Officially in Patagonia

February 1, 2016

Today I officially entered Patagonia. There was a sign on Ruta 40. It said Patagonia Region, Argentina. On the north side of the sign was desert. On the south side of the sign was, well, more desert. But I am confident that, after days of riding due south on Ruta 40 through the desert, tomorrow will make all the difference.

I continue to learn interesting lessons. Well, interesting to me, anyway. Like, when you camp for two days in a campground that only turns the electrical outlets on from 9pm to 2am, and all of the outlets are nailed to trees, and it rains all night, you end up with dead electronic devices. Dead phone, dead iPad, dead laptop, dead camera battery. So, since I couldn’t charge anything except my waterproof Delorme inReach GPS tracker in the rain, I instead ran everything dead sitting in my tent reading. So I have no photos from the past couple of days. (Perhaps it is a sign: “Put down the electronic crap and spend more time looking around and enjoying the ride!”) Last night’s campground in Malargüe had only one outlet that my adapter fit (there are two different kinds of plugs here in Argentina), and it was in the office, which closed around 9pm, so I charged my laptop, then drained half the laptop charging my phone. Finally tonight, the campground here in Las Lajas has a power strip near my tent that my adapter fits, and it is turned on even though it’s only 7:30pm. And it’s not raining. So the camera battery is finally getting charged.

There are definitely pros and cons to camping, in addition to the odd electrical outlet provisions. One of the biggest advantages of course is cost: most of these places are municipal campgrounds, and are relatively nice for tent camping. They have cost me between free ($0) and five dollars a night. You also meet a lot of interesting people, but most are also traveling; some are from Argentina, some from Chile, a few from further away. I’ve seen no other overlanders (motorcycle, camper, bicycle or otherwise) in these campgrounds.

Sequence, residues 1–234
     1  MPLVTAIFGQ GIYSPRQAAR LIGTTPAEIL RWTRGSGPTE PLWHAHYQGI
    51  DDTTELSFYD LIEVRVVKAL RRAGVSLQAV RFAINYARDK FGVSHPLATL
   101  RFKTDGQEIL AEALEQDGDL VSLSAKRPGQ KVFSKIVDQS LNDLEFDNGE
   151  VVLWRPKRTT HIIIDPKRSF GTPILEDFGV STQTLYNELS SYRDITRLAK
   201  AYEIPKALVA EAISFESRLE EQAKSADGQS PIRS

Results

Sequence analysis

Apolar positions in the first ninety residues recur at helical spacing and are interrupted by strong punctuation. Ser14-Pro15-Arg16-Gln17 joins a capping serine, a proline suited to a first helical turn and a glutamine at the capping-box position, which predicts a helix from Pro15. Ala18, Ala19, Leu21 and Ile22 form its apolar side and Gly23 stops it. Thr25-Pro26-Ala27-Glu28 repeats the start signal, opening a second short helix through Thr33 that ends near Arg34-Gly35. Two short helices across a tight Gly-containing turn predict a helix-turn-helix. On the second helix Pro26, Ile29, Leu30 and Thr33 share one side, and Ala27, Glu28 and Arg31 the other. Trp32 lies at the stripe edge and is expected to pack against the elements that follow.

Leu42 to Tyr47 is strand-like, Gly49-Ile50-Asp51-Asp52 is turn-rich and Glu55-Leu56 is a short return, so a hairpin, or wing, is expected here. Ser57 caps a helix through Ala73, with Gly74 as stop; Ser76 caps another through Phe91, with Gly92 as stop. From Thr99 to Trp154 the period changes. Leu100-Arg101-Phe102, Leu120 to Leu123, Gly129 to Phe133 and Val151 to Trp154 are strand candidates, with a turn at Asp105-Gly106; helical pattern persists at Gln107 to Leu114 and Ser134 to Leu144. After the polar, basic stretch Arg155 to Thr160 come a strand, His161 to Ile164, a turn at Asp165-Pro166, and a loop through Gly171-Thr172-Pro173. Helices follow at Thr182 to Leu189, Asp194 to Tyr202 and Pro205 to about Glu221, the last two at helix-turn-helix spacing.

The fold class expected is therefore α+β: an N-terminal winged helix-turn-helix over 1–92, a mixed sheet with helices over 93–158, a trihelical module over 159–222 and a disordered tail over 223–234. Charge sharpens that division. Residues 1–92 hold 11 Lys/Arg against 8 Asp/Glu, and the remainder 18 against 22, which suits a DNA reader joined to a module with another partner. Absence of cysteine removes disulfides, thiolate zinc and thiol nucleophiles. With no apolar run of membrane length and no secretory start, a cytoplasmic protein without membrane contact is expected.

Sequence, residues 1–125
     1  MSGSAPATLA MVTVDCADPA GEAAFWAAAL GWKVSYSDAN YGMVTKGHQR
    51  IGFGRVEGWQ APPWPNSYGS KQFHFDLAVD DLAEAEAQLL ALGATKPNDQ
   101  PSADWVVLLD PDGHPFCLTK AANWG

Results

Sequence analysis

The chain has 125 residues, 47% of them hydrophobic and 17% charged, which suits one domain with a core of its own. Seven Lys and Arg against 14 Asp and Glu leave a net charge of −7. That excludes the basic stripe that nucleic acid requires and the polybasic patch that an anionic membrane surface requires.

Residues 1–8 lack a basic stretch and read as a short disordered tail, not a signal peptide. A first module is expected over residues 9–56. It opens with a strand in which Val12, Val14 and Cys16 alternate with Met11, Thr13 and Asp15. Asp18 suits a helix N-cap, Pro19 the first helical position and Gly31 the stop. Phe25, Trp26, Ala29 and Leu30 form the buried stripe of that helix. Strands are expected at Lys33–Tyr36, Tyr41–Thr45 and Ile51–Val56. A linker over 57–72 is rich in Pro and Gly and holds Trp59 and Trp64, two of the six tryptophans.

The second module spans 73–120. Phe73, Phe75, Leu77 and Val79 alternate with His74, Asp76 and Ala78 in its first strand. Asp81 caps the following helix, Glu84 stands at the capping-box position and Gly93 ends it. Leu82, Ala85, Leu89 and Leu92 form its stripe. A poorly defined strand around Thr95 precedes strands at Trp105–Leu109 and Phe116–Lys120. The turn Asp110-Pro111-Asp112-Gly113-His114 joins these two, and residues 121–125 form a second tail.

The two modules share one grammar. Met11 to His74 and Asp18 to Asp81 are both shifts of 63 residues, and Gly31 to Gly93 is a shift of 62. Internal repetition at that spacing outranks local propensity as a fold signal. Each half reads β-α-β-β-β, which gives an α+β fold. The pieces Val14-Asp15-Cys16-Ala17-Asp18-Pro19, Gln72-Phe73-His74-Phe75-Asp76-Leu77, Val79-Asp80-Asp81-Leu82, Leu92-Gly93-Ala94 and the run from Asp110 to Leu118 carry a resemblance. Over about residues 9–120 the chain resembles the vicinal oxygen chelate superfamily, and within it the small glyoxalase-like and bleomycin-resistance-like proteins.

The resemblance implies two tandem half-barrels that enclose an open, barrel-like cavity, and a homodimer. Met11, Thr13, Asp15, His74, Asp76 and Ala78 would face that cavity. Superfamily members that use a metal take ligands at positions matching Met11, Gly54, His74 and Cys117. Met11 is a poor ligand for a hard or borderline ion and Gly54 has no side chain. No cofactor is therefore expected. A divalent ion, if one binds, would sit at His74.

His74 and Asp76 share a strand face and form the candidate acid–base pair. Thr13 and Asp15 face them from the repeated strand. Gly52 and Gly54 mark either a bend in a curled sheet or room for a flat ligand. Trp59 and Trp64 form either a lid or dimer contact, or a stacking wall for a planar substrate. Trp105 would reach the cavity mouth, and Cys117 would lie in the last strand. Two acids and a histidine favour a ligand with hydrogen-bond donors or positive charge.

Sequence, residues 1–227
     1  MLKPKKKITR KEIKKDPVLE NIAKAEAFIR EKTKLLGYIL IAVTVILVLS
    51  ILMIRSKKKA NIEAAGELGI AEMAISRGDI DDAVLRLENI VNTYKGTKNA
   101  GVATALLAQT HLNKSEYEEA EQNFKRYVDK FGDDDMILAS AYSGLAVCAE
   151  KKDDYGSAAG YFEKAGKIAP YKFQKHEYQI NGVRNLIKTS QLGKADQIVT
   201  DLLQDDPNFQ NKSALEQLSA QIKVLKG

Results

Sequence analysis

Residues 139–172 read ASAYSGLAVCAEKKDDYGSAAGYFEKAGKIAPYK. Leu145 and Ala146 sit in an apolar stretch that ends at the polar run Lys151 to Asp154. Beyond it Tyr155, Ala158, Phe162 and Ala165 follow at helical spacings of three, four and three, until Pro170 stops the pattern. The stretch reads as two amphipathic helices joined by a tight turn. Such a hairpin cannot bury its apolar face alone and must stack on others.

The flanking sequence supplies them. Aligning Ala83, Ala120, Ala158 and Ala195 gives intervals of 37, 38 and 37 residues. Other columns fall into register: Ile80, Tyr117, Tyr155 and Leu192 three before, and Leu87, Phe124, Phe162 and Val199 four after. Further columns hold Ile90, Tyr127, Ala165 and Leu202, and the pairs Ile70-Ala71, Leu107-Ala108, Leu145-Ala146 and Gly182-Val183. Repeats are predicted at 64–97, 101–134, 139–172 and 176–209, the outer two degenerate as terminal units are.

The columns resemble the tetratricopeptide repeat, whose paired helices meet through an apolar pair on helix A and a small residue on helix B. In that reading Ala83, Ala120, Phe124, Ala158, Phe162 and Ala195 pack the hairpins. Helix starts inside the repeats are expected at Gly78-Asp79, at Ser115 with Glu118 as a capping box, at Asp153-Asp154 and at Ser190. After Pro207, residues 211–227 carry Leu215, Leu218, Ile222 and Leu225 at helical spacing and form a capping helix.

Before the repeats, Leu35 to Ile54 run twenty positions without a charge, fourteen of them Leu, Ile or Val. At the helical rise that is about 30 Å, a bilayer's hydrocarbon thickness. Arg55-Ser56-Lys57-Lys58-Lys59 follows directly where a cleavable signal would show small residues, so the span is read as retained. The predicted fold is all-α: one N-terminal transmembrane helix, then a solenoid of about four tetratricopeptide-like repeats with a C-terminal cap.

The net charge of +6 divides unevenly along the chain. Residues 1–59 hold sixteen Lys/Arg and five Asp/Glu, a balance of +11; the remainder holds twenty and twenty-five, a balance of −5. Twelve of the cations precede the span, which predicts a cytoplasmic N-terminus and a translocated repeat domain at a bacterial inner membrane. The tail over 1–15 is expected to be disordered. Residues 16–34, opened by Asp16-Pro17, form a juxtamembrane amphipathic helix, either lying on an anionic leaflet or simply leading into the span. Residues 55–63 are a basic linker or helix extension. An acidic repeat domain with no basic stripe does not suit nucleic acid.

One of the biggest downsides to camping is that you miss the actual city. I camped outside of Mendoza for two nights. (Side note: when you check into a campground, ask if they allow bass drums. No, really. Long story, but there was a huge soccer match Saturday in Mendoza and a large party turned up at my campground, complete with bass drum and trumpet, all in their matching jerseys and ready to party. And they beat the drum all day, and half the night). It wasn’t until I packed up and left my campsite, and stopped at an ATM downtown (after stopping at the giant WalMart to do some grocery shopping), that I saw what a beautiful city Mendoza is. Imagine a small-town downtown feel, with sidewalk cafes, except the sidewalks are about 15 feet wide, and there are huge trees lining both sides of the streets. Very nice.

Malargüe is another example. Small town with a lot of adventure tourism. I saw signs for ski rentals, ATV tours, lots of camping, and for the first time since leaving the States, I saw a lot of pickup trucks with real dirt bikes in the back, and even a few pulling trailers with Polaris RZR side-by-sides.

The past few days have been primarily on Ruta 40, which as I think I mentioned earlier, is the National highway that runs the length of Argentina (over 5,000 kilometers) on the western side from the border with Bolivia to Rio Gallegos near the tip of South America. In the north and central parts, where I’ve been, this is like riding though the desert portion of Wyoming, or Utah, and/or Arizona, for days. South of Mendoza, towns are very far and few between, as are people. In places, such as today near Barranca, the road suddenly turns to gravel, sometimes for more than 60 miles at a time. Yesterday, when given a choice between taking the long way around on a dirt road to Malargüe as my GPS suggested, or the shorter road which had the sign indicating it was the official route to Malargüe, I chose the official route. And spent 40 miles riding gravel washboard so rough that I understand much better the term “detached retinas”. I ended up standing for most of the 40 miles, which wasn’t easy on my bad ankle. But I figure all of this is preparing me for the southern portion of Ruta 40, much of which has not been paved yet, and is constantly windy.

Kilometer marker on a paved section of Ruta Nacional 40. Only 2712 kilometers to go if I were to stay on this road all the way south. (Note the volcano in the background).